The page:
Sidell said PATH considered these issues while negotiating the contract.
"We believe, and saw this in the BID, that there is not an underlying belief that this is a law enforcement issue," he said.
Sidell said PATH negotiators saw a willingness to adapt to their concerns.
As an example, he said, the security team agreed to discontinue the use of walkie-talkies when PATH pointed out that homeless people felt intimidated by them.
White said he'd rather see business groups invest in shelters than in outreach for a shelter that doesn't exist.
"Lots of folks do lots of outreach," White said. "The question becomes, 'Outreach to where?' There's definitely scores of outreach workers trying to help people find housing in places that don't exist."
In year one, the teams have had some success. They completed 196 assessments, placing 36 people into permanent housing and enrolling 56 in PATH's housing services. Ninety percent of them are still off the streets, according to the business improvement district's records.
"We were thrilled with that number," Schatz said.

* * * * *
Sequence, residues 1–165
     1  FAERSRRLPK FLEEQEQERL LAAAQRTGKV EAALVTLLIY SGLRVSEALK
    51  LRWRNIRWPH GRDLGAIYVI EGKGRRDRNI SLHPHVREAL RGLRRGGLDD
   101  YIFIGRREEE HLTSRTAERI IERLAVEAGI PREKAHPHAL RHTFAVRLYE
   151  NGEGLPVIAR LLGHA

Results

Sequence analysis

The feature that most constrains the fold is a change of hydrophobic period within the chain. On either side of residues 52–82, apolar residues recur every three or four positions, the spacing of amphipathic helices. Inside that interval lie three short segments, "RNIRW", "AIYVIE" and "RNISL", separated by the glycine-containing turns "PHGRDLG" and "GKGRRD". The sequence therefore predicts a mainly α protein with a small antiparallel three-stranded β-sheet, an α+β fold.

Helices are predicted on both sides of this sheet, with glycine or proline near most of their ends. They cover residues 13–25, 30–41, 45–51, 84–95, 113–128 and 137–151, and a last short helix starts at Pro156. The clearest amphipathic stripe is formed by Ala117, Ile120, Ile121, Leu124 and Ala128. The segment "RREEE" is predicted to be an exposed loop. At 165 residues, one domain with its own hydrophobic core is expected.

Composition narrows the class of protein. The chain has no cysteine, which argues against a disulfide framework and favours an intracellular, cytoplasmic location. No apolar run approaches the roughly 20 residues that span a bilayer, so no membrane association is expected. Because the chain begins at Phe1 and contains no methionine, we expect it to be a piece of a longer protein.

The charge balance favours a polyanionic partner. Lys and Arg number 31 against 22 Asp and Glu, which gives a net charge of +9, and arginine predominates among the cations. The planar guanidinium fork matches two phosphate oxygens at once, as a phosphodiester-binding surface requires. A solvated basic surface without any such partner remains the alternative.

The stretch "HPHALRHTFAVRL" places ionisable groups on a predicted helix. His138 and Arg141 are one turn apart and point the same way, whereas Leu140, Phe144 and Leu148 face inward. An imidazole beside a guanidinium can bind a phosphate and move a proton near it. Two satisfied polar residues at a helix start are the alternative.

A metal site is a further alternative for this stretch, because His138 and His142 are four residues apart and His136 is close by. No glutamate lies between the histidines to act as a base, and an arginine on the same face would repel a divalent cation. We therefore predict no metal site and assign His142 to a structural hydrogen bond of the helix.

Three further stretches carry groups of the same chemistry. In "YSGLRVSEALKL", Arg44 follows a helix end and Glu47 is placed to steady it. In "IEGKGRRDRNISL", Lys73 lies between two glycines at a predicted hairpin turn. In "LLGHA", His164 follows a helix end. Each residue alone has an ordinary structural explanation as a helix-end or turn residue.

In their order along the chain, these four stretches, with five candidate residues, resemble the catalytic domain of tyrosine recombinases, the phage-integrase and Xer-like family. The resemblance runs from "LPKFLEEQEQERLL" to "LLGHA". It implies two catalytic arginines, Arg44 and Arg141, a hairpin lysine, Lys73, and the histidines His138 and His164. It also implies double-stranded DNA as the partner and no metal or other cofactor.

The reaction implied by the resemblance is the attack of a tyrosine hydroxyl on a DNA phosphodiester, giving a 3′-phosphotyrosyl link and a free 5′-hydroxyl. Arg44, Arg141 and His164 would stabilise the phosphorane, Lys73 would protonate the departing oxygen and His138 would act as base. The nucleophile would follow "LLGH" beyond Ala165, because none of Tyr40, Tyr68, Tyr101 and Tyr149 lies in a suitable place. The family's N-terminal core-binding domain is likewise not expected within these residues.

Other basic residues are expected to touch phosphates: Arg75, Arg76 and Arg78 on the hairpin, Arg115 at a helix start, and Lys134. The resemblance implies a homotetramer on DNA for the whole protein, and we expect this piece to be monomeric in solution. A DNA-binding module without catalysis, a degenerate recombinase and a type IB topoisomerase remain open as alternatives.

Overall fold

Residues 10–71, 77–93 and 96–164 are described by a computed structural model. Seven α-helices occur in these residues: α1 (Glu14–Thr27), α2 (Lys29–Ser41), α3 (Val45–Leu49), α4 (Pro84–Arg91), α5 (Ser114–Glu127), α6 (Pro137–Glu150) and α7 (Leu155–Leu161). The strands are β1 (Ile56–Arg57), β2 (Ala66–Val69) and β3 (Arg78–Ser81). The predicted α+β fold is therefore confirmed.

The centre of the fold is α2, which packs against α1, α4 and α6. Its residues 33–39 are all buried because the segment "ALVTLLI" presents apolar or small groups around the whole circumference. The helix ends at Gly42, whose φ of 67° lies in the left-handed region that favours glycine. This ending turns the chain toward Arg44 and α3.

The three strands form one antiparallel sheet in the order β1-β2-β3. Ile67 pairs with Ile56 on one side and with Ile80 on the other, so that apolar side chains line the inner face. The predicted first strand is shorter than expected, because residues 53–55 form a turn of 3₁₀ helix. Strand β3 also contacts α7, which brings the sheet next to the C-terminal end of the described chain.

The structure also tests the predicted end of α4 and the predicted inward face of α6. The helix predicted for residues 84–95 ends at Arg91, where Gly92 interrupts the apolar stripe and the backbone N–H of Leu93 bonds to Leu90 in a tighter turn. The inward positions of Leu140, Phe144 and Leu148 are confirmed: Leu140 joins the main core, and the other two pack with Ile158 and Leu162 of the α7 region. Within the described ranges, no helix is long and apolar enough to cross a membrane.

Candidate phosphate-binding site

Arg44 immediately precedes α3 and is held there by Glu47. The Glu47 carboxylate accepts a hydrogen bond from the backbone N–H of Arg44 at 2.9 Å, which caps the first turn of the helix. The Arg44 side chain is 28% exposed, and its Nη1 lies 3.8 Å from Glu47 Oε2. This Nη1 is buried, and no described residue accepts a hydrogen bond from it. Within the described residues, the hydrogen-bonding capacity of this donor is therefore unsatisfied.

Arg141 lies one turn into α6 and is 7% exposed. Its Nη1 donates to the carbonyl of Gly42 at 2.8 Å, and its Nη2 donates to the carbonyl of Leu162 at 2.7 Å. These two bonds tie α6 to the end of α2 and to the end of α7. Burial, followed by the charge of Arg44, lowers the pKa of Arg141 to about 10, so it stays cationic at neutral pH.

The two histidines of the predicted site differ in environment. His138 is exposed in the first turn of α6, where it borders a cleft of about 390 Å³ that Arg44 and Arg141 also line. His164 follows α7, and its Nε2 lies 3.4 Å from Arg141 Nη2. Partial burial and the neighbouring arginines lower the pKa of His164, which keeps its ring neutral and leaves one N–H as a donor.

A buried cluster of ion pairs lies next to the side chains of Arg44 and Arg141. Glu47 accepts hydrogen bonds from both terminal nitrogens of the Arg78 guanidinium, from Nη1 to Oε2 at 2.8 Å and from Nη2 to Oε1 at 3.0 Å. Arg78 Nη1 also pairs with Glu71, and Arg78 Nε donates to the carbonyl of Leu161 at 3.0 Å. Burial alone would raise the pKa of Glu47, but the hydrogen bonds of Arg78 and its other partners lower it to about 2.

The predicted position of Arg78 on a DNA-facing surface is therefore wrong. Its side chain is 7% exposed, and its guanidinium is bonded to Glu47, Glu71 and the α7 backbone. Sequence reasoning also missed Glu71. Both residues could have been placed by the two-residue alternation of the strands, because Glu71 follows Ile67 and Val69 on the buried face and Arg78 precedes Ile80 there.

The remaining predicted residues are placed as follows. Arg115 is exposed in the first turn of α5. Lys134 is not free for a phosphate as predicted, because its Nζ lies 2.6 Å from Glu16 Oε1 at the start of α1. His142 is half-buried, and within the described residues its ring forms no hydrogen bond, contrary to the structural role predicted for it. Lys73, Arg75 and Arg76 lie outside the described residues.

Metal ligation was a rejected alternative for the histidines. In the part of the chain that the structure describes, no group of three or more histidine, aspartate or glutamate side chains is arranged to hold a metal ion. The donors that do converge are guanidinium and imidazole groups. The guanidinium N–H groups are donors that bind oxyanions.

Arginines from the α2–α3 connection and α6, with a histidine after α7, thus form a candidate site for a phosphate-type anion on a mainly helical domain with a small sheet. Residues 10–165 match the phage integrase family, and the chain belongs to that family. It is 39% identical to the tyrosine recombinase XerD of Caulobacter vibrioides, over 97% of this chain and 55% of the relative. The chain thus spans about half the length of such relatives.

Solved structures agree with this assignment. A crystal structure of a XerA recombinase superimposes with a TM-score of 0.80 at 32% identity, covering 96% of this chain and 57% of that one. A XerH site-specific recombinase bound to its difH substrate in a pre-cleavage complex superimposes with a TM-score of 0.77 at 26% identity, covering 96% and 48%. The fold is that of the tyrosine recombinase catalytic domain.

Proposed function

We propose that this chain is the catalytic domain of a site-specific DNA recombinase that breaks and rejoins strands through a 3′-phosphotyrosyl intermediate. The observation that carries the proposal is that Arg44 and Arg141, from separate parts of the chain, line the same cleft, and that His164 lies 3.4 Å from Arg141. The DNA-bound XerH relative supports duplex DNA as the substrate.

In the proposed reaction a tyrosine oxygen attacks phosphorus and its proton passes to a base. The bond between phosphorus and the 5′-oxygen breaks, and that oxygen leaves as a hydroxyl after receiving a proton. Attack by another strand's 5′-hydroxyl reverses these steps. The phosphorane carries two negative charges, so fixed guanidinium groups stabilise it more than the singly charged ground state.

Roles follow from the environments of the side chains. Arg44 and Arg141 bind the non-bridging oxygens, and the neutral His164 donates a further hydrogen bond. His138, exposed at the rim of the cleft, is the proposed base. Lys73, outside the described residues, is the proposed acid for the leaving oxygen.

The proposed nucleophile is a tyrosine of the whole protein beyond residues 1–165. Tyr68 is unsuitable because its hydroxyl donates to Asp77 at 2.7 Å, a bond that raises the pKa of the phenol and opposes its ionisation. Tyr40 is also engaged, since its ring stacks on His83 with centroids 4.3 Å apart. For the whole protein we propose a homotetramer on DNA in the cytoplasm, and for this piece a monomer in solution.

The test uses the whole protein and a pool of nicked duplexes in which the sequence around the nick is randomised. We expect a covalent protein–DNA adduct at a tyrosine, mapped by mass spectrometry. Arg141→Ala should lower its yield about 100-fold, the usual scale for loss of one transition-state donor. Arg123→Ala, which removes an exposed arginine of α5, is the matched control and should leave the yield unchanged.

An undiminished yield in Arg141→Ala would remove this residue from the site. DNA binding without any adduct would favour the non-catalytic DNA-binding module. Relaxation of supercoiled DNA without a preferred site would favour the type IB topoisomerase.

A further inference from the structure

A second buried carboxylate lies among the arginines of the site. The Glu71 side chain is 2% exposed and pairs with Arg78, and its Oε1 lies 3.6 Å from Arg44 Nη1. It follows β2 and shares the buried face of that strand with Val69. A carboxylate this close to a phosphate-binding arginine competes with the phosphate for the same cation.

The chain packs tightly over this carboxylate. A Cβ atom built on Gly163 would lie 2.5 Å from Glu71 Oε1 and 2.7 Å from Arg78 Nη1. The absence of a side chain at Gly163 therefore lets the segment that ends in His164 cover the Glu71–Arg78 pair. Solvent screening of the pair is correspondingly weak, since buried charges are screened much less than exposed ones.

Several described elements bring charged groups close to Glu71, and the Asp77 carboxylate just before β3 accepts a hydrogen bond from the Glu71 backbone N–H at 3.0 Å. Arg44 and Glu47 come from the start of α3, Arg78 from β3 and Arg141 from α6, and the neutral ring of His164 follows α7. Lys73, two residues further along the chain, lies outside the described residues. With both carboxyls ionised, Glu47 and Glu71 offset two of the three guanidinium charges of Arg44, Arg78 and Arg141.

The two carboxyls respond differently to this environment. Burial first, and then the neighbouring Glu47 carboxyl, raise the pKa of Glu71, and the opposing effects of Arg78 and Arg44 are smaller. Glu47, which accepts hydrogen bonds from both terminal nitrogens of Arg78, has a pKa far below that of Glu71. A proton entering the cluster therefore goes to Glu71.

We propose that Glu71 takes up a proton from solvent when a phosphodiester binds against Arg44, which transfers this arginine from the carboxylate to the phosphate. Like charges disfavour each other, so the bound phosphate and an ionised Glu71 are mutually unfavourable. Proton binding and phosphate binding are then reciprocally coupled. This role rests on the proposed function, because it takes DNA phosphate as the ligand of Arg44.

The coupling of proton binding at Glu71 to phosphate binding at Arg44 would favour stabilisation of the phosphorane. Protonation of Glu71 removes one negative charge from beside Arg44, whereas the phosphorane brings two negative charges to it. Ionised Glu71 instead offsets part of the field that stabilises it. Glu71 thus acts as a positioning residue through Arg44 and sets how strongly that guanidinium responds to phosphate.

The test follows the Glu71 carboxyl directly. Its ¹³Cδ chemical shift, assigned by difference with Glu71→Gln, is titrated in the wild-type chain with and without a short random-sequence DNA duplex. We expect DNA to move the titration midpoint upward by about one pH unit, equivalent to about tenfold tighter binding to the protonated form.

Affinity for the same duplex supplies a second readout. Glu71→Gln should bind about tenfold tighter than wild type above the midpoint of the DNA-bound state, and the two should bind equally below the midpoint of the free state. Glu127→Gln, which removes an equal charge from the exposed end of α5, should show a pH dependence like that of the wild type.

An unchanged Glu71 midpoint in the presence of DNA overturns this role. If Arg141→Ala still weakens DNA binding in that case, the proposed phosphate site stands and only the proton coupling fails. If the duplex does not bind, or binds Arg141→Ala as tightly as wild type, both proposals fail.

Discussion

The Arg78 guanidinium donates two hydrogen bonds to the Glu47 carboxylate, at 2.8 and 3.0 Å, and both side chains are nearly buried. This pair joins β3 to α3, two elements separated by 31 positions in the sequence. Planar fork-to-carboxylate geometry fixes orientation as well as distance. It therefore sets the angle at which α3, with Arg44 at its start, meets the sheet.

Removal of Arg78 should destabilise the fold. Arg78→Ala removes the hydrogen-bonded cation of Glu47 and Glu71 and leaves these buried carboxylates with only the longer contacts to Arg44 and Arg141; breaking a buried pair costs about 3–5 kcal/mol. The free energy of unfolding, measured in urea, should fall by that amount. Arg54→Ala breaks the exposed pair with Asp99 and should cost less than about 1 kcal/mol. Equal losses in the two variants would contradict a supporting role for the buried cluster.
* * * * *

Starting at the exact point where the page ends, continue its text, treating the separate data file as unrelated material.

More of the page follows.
The impact on downtown's streets is harder to measure. Every two weeks the outreach teams do a census. Johnson said the number has consistently been about 130. That means for every person placed into housing another shows up.
Schatz said that doesn't concern her, considering that homeless numbers have been rising across the city. "Even treading water is better than not doing anything at all," she said.
The highs and lows of outreach work came quickly into focus after Johnson and Sheiner left Bailey to crochet.
An elderly man with a frizzled beard lay asleep on the steps of Pershing Square.
"What do you need us to help you with?" Johnson asked.
The man ignored him.
"Whenever you're ready we got a bed for you," Johnson persisted. "Another day?"
"Yeah," the man said.
Sheiner gave him a list of services for when he was ready.
Soon a park security officer told him he'd have to move to a bench. Instead, he walked east and disappeared.
Meanwhile, Sheiner's attention was diverted to a woman who had pulled a wheeled suitcase to the foot of the stairs and was having an expletive-filled conversation with herself.
The woman didn't put up much resistance. She was ready for a bed.
The team's supervisor, Tescia Uribe, made a phone call.
Within a few minutes the PATH van pulled up. The woman got in. A victory.
MORE ON THE HOMELESS